6. Focus on generating recurring revenue. The company should shift its emphasis away from upgrading its free app and instead work to migrate users to Premium-based, monthly subscriptions. Revenues from premium-based offerings have represented less than 1% of company revenues each of the last three years, despite repeated claims in its annual report for plans to increase the contribution from premium content.

Taking the above actions would unlock significant value.

To be clear, we fully appreciate the role elevated R&D and marketing spend plays in leveraging Fitbit's strategic advantages. But adopting steps 1 and 2 above can yield ~$400m more 2017 EBITDA than current guidance implies, with little adverse impact to the company's lead over rivals.

With respect to steps 3 and 4 above, Copernican believes raising long-term debt, such that the company achieves ~25-30% debt to total capital ratio, would be a prudent initiative to undertake. We estimate raising $500 million in long-term debt would lower Fitbit's WACC ~165 basis points, to 8.44%, from 10.07%.

Our estimate assumes a cost of debt of 6.0%, a 50bp premium to current US issued high-yield debt. Our estimate of beta is based on a regression of weekly stock performance since FIT's IPO against the performance of the Russell 3000 index.

As detailed earlier, we believe reining in spending to protect operating margins can lead to shares more than doubling to ~$13. When combined with a debt-funded share repurchase program, the returns to Fitbit would prove compelling.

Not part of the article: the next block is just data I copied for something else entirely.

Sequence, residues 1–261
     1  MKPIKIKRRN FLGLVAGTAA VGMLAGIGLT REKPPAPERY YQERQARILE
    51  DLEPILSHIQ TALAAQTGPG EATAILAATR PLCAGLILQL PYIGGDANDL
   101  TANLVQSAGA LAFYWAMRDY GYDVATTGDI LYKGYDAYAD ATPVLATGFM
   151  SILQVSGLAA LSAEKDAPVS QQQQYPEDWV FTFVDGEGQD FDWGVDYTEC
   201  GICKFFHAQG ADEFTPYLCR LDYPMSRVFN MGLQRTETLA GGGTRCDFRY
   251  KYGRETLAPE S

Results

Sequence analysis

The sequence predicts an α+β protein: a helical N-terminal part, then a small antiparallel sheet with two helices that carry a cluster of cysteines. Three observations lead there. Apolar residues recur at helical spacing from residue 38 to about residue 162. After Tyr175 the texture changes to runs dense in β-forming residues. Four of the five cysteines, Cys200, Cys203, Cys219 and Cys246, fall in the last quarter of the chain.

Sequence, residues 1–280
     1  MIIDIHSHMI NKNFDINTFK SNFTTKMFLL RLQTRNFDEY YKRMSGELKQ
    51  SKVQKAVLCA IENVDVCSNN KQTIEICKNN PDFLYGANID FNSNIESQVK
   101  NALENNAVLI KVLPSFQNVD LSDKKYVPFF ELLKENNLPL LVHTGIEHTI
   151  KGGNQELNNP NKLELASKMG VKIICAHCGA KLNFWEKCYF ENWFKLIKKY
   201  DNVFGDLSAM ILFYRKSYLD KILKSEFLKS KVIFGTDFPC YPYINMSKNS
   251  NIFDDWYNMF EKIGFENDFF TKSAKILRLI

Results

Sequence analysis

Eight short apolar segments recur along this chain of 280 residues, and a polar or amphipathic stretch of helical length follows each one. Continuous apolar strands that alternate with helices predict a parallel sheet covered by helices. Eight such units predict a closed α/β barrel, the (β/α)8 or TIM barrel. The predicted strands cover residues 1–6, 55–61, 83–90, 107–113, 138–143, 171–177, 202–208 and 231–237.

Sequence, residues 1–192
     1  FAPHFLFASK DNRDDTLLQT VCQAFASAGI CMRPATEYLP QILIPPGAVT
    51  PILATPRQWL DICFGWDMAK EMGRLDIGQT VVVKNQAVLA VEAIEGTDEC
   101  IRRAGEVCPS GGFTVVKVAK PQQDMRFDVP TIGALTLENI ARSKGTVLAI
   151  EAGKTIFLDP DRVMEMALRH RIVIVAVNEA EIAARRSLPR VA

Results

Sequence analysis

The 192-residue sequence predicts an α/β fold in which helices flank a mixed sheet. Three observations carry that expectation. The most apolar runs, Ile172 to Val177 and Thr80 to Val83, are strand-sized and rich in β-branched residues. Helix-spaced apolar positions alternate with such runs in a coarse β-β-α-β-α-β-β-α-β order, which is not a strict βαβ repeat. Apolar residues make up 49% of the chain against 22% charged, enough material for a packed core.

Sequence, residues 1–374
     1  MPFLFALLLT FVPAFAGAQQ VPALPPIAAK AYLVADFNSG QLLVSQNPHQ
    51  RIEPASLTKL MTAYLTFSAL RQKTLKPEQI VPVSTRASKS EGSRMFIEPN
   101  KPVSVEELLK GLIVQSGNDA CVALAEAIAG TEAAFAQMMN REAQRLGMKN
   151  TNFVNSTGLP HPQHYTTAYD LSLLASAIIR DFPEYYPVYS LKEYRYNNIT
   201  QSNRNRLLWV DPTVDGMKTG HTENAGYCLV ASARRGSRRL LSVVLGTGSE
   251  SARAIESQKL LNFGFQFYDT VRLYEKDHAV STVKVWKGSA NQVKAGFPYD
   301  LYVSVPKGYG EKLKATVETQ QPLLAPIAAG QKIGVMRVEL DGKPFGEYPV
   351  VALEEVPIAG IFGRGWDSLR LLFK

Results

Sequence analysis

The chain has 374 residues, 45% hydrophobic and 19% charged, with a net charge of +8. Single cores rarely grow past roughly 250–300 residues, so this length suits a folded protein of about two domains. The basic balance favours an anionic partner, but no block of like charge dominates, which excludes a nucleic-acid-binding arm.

Finally, generating recurring revenue, as opposed to relying solely on product sales, will greatly enhance what investors are willing to pay for FIT. We hope Fitbit makes tangible progress generating recurring revenue, and that this progress is communicated with statistics to investors. We believe investors will be more likely to pay 1.5x-2.0x Fitbit's sales, as opposed to the current 0.6x, once the company demonstrates an ability to generate more meaningful recurring revenue contribution.

The problem isn't Fitbit, but rather its current growth-at-any-cost strategy. Alas, if the Board chooses to remain complicit, this will prove to be a distinction without a difference.

Disclosure: I am/we are long FIT.

I wrote this article myself, and it expresses my own opinions. I am not receiving compensation for it (other than from Seeking Alpha). I have no business relationship with any company whose stock is mentioned in this article.

Additional disclosure: Eric R. I. Crawford, Founder and CIO, Copernican Capital Prior to founding Copernican Capital in 2016, an intrinsic-value based long/short equity hedge fund, Mr. Crawford was an equity research analyst at UBS Investment Bank. He holds an MBA from the University of Notre Dame and a BA in Philosophy from Trinity College.